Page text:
Khalid al-Tuwaijri was Chief of the Royal Court of Saudi Arabia under King Abdullah and was the highest ranking non-prince in the country until his ousting by King Salman in 2015.
Al-Tuwaijri was born in 1960 and studied law in Saudi Arabia; he obtained a master's degree in political science in the United States and another in Islamic criminal law in Saudi Arabia. He is an author and poet.
He started working in the civil service in 1995 and held several positions until he became head of the Crown Prince's Court, replacing his father Abdulaziz al-Tuwaijri in early 2005. On his ascension, King Abdullah appointed him Chief of the Royal Court on 9 October 2005, replacing another commoner, Mohammed bin Abdullah Al-Nuweisir, and in 2011, he cemented his power by replacing Prince Abdul Aziz bin Fahd as chief of the Cabinet Court as well. As the secretary general, he had a say in the staffing of all the monarchy's positions. Over time, he also became Chief of the Royal Guard and a few other court positions.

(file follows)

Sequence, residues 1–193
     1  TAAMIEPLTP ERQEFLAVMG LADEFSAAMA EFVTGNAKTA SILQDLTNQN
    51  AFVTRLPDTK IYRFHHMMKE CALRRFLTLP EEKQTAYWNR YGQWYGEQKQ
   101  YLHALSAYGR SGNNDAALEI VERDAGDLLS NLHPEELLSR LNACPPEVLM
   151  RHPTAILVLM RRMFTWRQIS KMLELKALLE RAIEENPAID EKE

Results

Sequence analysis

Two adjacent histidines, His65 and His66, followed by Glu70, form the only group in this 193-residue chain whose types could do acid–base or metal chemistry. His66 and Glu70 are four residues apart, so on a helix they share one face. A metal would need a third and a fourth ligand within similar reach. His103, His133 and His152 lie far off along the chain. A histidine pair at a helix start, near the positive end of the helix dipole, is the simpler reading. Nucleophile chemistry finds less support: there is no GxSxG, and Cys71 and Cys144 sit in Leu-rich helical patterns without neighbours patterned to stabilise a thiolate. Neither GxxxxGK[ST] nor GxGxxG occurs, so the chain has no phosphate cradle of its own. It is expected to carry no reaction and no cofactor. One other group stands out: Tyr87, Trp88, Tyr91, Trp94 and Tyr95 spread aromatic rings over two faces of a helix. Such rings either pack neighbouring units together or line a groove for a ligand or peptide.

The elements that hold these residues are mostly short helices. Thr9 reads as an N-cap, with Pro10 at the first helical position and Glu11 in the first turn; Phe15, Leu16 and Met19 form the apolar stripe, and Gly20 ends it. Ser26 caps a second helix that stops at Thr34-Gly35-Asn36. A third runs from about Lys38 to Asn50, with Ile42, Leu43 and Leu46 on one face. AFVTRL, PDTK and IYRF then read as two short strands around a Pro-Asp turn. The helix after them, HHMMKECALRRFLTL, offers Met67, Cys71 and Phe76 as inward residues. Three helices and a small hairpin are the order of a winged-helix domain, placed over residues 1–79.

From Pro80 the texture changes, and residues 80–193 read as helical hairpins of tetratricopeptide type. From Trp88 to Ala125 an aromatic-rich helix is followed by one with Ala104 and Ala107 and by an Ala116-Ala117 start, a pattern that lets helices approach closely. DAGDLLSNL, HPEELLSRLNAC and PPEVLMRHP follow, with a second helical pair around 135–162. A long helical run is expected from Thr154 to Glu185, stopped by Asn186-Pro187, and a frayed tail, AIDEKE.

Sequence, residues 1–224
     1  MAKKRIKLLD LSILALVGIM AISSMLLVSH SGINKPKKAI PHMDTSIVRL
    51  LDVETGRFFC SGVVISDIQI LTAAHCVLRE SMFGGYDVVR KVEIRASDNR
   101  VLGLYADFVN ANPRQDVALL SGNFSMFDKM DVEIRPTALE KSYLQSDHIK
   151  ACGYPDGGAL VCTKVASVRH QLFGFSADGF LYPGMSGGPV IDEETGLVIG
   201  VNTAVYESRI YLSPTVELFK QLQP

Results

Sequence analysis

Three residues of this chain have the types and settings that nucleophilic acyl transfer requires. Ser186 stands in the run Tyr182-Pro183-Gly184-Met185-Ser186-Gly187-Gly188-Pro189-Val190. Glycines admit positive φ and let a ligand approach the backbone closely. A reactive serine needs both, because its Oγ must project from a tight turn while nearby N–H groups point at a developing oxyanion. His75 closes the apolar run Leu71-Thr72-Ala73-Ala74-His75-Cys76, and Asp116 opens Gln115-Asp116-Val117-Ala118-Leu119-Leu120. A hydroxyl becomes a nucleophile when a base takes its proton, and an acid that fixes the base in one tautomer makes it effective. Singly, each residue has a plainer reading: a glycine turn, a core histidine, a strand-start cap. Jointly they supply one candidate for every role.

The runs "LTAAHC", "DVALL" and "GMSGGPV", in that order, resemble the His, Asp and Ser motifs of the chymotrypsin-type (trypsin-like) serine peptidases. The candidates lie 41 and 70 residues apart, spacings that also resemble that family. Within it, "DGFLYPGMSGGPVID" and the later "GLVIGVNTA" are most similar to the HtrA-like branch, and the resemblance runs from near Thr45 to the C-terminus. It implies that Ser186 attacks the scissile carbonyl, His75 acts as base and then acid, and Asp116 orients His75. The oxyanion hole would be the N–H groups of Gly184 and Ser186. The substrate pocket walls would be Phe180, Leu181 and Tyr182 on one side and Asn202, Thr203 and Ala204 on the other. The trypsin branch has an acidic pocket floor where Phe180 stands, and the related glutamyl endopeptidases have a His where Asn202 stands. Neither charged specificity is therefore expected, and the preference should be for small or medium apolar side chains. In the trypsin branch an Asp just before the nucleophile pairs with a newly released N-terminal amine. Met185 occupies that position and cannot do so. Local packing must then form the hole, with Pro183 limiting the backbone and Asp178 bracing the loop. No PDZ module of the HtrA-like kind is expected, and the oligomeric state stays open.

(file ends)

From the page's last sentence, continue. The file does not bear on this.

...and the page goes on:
By the time of the King's death, al-Tuwaijri was deeply unpopular with the senior princes, who described him as the "octopus," the "head of corruption,""the black box" and the "patron of the secularists". He was also accused of seeking to "destroy the country and run the Royal Family." In fact, Prince Mish'al, the eldest brother of the King, used to refer to al-Tuwaijri as 'King Khalid' because of his influence in the Royal Court.
Al-Tuwaijri was also denounced as the prime leader of the "westernization project" in Saudi Arabia, and was accused of trying to "shield" the king by preventing most of the Royal Family members from meeting him.
Several media sources reported the disappearance of al-Tuwaijri as soon as King Abdullah died, and many believed his removal was in effect defeat of the liberal faction led by the late King and his son Miteb, Minister of the National Guard, and a candidate for deputy crown prince.